Stop/ID Ordinance in Ashland: Greene Reports

Is Ashland Becoming Arizona?

By Addie Greene

  1. It shall be unlawful for a person to knowingly fail to provide the person’s name and date of birth to a peace officer having probable cause to believe the person has committed a violation. As used in this Chapter, “violation” means an offense described in ORS 153.008.
  2. A person who violates the above Section A of this Chapter commits a Class C misdemeanor.

This is proposed Ashland Ordinance No. 3176, which had its second reading before the City Council Tuesday night. Because the comment period went over the specified end-of-meeting time with not all comments considered, City Council did not vote on the ordinance.

            No. 3176, of course, targets the homeless who hang out in front of the Black Swan Theater and the convenience store at the corner of Pioneer and Lithia. I have no problem if the police officer catches one of those folks (or anyone else) shoplifting, vandalizing someone else’s property, or committing some other crime. The question is, suppose the officer has made an educated guess.

            As one speaker commented, the key words of this proposed ordinance are “probable cause.” Let us look at a possible scenario: A police officer had a very bad night (fight with spouse, hangover, worry about a loved one) and comes to work loaded for bear. She/he stops a lesbian couple fondling each other or a person of color who appears to be smoking a joint. The officer asks for identification, and the person(s) refuse(s). The officer can cite them under No. 3176, which carries a maximum fine of $1250. As another speaker pointed out, many people in marginalized communities cannot afford to pay a fine of that amount.

            As the background information on the proposed ordinance states: This crime would be classified as a Class C misdemeanor which would carry a maximum penalty of up to 30 days in jail and a fine of up to $1250. However, ORS 153.008 referenced above states in section (1) (b) “The statute may provide for punishment in addition to a fine as long as the punishment does not include a term of imprisonment.” That stricture is repeated in (1) (c). ORS 153.008 supersedes proposed Ashland Ordinance No. 3176 and thus would disallow jail time for a Class C misdemeanor. So what to do if the cited person has no money and cannot be jailed? Would the “punishment in addition to a fine” (or a substitute for) be community service?

            The first speaker, who identified herself as sociology major, said 40% of police officers nationwide are domestic abusers. This comment so shook Mayor John Stromberg that he commented on the comment, something council members ordinarily do not do.  “The police chief is a person of the highest integrity,” Stromberg said.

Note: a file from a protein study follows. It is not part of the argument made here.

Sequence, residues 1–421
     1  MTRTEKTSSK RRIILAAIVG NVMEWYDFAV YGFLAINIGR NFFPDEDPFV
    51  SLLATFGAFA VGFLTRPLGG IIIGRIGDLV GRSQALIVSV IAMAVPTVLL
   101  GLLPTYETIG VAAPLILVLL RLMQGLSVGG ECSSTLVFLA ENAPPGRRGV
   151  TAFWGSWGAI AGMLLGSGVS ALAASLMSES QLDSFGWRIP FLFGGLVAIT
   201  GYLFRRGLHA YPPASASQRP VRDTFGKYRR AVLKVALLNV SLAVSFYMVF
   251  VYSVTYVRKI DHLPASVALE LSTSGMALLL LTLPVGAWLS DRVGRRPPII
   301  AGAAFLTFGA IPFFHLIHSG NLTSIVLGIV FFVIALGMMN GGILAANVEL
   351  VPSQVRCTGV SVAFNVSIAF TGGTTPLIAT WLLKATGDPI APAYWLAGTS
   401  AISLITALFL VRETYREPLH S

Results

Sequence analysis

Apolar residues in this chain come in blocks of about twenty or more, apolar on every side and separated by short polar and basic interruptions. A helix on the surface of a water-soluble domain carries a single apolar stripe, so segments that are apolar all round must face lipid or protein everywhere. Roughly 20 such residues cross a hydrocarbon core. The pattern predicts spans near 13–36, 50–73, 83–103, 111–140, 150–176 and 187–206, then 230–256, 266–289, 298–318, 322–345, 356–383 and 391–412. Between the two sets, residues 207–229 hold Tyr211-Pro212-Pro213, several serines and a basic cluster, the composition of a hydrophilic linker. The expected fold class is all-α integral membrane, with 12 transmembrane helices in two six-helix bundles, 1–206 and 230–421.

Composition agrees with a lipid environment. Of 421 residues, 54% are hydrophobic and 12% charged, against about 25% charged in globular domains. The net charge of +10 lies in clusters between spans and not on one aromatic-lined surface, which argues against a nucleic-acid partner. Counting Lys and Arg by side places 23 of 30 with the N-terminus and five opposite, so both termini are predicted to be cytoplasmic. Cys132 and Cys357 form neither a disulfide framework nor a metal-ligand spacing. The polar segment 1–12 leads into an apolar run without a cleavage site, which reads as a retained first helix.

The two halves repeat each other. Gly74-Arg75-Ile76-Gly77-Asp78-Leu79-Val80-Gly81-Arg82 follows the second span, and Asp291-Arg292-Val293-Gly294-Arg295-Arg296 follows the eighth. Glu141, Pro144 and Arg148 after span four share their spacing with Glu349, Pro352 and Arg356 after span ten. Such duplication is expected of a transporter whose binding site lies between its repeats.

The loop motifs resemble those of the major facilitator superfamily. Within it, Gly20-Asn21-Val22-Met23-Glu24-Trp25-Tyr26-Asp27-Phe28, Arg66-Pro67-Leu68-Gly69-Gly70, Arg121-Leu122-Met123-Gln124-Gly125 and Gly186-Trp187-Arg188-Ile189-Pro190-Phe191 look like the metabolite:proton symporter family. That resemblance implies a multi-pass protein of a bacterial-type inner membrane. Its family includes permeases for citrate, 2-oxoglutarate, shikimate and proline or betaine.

A speaker identifying herself as a member of Jackson County Democrats said the ordinance will target the trans community and is unconstitutional. Another (a Native American) said, “I am very concerned about the harm it will do to my friends and relatives. People of color are affected disproportionally by three times” by such legislation. “That is why they feel unsafe and unwelcome. It will cause unintentional harm.”

            “There is structural racism in this country,” another speaker said. “We live in a country running concentration camps.” And another, “An increase in police authority will not make the community safer. People in this community will be harmed.”

            And finally, the speaker who called “probable cause” the crux of the ordinance, said “It’s not enough to not be racist. We have to be anti-racist. Those of us not affected don’t see it. We must defend civil rights, foster a community of inclusion, and get rid of the probable cause loophole.”

            Police Chief Tighe O’Meara said he consulted with Eugene Trans*Ponder, which describes itself as “a grassroots, completely transgender founded and led nonprofit.” He also got feedback from police in Portland, Seattle, and Philadelphia. Ashland police will be trained in the  enforcement of the proposed ordinance, he said. “We are hitting all the targets the Council asked of us.”

            “Can the ordinance be used to stop targeted people?” Councilor Stefani Seffinger asked.

            “Our ability to stop people will be reasonable grounds that a violation has been committed. Two legal thresholds have to be overcome,” Chief  O’Meara answered. “This is not an attempt to obtain incriminating information.”

            Assistant City Attorney Katrina Brown added, “Can you avoid being cited for a violation by remaining silent? No.”

            “The municipal court is accommodating if there is a financial burden,” Chief O’Meara said. “The person must be educated about a violation (such as the no smoking ordinance), and 50% leave town with a warning.”

            In closing, we should remember Maricopa County Sheriff Joe Arpaio, who used Arizona’s SB 1070 as an excuse to stop and harass anyone who appeared to be Hispanic. Is Ashland following in his footsteps?